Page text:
July 10, 2013 in City

School official blames Davenport burglary on Ambien reaction

By The Spokesman-Review
 

A Western Washington assistant school superintendent accused of burglarizing the Davenport Tower penthouse and throwing things from the roof said a negative reaction to a prescription sleep aid is to blame for his behavior.

James N. Paxinos, of the Clover Park School District in Lakewood, was staying at the Davenport in late June while attending a superintendents and principals conference.

A security guard working the night of June 25 noticed a gallon jug of cleaner falling from the hotel’s roof to the ground, according to an arrest affidavit. When the guard investigated, he also found roofing material in the street on First Avenue.

The guard watched security footage and saw Paxinos entering and leaving the building multiple times. He also found damage in offices in the building’s top floor, according to the affidavit. The guard was able to search Paxinos’ key card records and identify him.

Later that night, police contacted Paxinos in his room. Paxinos told the officer he was “very intoxicated” and unable to remember much of what he’d done that night. Paxinos’ attorney, Steve Graham, said his client had an adverse reaction to Ambien, a prescription sleep aid he was taking to treat restless leg syndrome.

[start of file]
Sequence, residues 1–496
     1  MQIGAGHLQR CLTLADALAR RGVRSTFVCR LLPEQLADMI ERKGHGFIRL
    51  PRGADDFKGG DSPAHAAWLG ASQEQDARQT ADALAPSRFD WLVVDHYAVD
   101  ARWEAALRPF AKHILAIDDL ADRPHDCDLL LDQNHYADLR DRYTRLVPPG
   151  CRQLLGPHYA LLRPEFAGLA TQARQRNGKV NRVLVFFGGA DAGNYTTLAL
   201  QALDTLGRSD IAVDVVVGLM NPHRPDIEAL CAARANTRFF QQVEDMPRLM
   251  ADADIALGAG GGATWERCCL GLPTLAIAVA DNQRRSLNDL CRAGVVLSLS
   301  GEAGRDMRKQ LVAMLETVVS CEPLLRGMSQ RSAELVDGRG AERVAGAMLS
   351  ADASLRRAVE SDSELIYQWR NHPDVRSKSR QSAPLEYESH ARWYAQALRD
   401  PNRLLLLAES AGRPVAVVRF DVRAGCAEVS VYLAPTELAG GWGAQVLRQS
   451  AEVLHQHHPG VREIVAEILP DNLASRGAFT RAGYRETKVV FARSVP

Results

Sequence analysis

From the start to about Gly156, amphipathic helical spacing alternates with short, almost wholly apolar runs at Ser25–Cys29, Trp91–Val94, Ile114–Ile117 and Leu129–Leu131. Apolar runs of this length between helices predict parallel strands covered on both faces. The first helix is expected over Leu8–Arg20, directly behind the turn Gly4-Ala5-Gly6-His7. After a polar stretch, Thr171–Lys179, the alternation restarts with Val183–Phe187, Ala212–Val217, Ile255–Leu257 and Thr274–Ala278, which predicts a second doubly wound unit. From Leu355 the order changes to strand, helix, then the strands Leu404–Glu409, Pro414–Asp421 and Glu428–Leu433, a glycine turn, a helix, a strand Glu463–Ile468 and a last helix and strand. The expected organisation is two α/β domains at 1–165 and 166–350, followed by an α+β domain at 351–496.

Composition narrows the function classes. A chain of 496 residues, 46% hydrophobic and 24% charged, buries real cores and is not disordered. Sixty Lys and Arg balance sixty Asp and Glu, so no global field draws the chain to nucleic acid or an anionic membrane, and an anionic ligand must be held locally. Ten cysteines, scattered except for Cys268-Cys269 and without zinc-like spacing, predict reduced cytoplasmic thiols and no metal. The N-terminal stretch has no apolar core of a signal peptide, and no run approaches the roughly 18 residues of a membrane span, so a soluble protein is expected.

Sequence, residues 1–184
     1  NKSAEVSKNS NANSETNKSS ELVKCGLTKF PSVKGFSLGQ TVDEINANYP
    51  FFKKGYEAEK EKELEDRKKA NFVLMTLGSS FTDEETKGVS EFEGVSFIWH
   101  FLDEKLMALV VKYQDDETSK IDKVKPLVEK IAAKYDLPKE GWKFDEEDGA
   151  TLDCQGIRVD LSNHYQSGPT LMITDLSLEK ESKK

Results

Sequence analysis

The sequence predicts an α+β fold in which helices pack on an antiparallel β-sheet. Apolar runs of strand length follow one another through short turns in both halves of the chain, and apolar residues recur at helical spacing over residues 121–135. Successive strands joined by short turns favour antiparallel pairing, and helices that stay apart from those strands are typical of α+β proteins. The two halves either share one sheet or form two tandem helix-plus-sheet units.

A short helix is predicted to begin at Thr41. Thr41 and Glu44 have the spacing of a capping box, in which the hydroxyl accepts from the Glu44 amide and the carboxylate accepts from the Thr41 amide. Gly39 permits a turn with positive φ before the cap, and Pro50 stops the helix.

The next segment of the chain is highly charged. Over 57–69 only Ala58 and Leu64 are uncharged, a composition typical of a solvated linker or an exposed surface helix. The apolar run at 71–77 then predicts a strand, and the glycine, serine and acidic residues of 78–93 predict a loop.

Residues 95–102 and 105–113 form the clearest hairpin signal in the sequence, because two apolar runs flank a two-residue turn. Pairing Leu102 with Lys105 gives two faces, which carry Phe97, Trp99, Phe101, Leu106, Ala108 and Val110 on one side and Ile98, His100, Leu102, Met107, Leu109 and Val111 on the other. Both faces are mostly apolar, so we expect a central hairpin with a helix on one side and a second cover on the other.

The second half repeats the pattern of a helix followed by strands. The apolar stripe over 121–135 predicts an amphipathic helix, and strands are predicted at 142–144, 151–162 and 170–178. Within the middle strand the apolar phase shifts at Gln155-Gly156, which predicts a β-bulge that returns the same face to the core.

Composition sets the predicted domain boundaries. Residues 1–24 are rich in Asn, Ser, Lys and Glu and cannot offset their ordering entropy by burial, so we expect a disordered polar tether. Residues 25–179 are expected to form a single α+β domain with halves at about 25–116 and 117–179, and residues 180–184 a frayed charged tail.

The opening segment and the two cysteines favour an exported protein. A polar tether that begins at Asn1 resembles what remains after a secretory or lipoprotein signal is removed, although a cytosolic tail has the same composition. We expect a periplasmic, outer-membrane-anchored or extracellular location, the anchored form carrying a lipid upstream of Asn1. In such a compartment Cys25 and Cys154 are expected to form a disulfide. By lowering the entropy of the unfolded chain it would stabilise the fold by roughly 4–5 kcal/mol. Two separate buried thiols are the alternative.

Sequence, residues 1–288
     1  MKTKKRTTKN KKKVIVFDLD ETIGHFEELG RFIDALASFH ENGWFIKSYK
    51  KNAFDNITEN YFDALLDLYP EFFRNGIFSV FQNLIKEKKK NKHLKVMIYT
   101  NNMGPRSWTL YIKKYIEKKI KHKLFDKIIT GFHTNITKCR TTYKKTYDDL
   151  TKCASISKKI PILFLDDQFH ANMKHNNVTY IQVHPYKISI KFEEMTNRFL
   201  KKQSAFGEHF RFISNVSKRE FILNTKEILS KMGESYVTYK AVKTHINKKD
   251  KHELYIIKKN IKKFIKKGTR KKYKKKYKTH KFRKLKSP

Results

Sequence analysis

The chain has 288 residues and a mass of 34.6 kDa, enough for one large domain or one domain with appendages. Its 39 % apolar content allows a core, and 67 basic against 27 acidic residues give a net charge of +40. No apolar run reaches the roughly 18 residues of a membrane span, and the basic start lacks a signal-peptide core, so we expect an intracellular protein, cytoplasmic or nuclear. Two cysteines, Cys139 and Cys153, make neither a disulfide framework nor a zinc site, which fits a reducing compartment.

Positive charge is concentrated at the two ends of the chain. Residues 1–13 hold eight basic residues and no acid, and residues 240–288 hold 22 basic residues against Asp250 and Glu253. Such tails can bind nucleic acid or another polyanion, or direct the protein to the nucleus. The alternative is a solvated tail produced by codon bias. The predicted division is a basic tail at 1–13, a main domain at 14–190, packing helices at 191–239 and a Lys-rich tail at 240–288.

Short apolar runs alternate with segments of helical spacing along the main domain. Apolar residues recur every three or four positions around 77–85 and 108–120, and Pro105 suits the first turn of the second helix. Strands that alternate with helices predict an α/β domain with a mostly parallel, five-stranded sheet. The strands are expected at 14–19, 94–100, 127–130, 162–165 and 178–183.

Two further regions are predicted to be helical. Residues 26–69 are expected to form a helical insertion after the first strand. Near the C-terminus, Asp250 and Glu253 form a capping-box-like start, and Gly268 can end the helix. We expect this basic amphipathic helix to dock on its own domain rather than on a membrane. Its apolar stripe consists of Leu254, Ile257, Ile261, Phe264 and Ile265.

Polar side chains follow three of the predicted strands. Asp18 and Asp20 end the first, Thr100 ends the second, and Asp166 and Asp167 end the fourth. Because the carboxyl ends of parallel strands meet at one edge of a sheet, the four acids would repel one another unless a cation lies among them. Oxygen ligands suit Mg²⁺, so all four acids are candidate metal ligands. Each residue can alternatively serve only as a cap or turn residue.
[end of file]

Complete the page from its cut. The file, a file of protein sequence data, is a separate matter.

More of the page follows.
That was the first time Paxinos took the medicine, Graham said, adding that Paxinos also had at least one drink that night. The medication put him in an “involuntarily intoxicated” state, court documents say.

Paxinos told police he remembered accessing the roof though he knew he wasn’t supposed to. He admitted to throwing two jugs of cleaner, rolls of roofing material and food from the roof.

Paxinos told police he climbed through a ceiling panel in the men’s bathroom on the top floor, then fell through the ceiling in another office. His behavior was all in an effort to access the Davenport roof, Graham said.

Graham said Paxinos was in a confused state when he burglarized the rooms, adding he’s represented dozens of clients who report similar reactions to Ambien.

“It’s something we see more and more of,” Graham said about Paxinos’ reaction to the medication. “It’s just kind of unpredictable, unexplainable behavior.”

Paxinos, 43, has worked at the school district for about three years, according to court documents. The Kitsap Sun reported Paxinos makes about $114,000 a year.

Spokane Deputy Prosecuting Attorney Shane Smith said Paxinos will enroll in a diversion program, which monitors low-risk offenders without formal prosecution. Smith said Paxinos has no criminal history, so the program provides him the opportunity to clean his record.

“It’s just essentially a private agency that’s keeping an eye on him,” Smith said.

Paxinos must complete 50 hours of community service and pay $1,200 to the diversion program. He is currently on paid administrative leave until the school district completes its investigation, Graham said.

A spokesman for the Davenport declined to comment on the incident.

The first paragraph of this story has been edited to correct an error.


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